The most incredible outcome though is that all of Mary’s children, and her grandson, are now living with her in her new home, as well as her daughter-in-law, Seniorita, and Mary’s two little grandchildren who have moved from Popondetta to Port Moresby. Mary is delighted to be able to honour the memory of her eldest son by giving a permanent home to his family.
Of course, Mary and her family are very grateful for their new home, but we honestly feel that it is us who are truly grateful. We feel blessed in immeasurable ways to have been welcomed into Mary’s life and the lives of her children, her extended family and her community.
Our experience here has forced us to reflect upon the encouragement, optimism and positive expectations and reinforcement that we experienced in our own formative years; the opportunities that we have been afforded throughout our lives both in education and professionally; the success that we have been able to achieve with this strong foundation; and everything that has brought us. It is hard not to feel incredibly humble and blessed, and also to recognize that this is all an accident of birth.
Now, rather than buy gifts for our family at special times, we have decided to use the money that we would normally spend to continue to improve the lives of others. We hope that having heard a little of Mary’s story, you may consider doing the same.
Made by Mary
Soon after her arrival in Papua New Guinea in early 2016, Dawn Robinson realised that the heat dictated a new dress code. She expressed the need for more simple, cool A-line summer dresses, and Mary offered to make them, as in a former job she had learned how to use a hand-operated sewing machine. Dawn soon saw the opportunity to assist Mary by purchasing a machine for her use as payment for the dresses, and Dawn was able to bring in some suitable pieces of bright and beautiful fabric from a visit to Australia.
Together they drafted patterns for the first dresses based on ones Dawn currently owned, and soon both women were wearing them, and receiving comments and requests for something similar. And so the label ‘Made by Mary’ was born.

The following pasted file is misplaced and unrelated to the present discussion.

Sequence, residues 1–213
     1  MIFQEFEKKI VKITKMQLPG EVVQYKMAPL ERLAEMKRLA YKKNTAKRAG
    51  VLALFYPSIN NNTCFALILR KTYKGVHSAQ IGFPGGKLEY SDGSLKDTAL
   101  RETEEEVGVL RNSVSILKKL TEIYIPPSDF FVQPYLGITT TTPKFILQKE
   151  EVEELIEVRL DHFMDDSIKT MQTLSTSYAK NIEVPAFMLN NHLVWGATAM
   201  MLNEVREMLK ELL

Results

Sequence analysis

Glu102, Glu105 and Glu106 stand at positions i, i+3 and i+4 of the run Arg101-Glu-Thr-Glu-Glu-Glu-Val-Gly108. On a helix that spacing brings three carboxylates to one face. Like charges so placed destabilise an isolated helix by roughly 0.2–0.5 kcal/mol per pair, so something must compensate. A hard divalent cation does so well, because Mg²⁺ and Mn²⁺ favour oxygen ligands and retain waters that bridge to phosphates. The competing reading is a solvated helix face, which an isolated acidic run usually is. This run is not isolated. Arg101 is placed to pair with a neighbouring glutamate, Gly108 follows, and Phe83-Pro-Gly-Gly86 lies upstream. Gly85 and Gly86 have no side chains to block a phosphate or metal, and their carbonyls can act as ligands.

Dawn has also assisted Mary to find ways of utilising the off-cuts of material, and they are now appearing as headbands, cloth-covered bead necklaces and more.
In February this year Mary held her first pop-up shop in an office foyer, and staff were keen to purchase as well as place orders for more items. When the pop-up shop closed for the day, Dawn totalled the sales, and told Mary the figure. She had earned the equivalent of $375 in 1.5 hours, normally a month’s wages, and amongst tears of surprise and delight Mary said, “I was a nobody.”
The future holds more plans for the expansion of Made for Mary, with Mary at the forefront, ably assisted by her children who get involved in production after school hours. Ideas are flowing and more products are planned – girls’ dresses; wide-leg trousers; quartz necklaces; detailing on jeans, and more.
Dawn’s family and friends now also assist Mary and her family by donating children’s clothes and purchasing some of the Made by Mary products. The next major pop-up shop is scheduled for mid-year and includes a range of resin bracelets donated by Dawn’s friend who owns ‘Me and Maggie’ and sells her resin jewellery at the Eumundi markets in Queensland.
Dawn’s driving force is to enable Mary to build a sustainable business, and her role in Mary’s business is many-faceted. She brings a creative mind, a flair for fashion, an understanding of the customers’ needs, business strategy and a true entrepreneurial mind. Mary is learning about business sustainability, and is investing back into her micro-business.
Made by Mary is also demonstrating to PNG nationals and ex-pats alike that there are a wealth of benefits for all when they work together to improve local enterprise.
Contact Dawn at Made by Mary at firstname.lastname@example.org.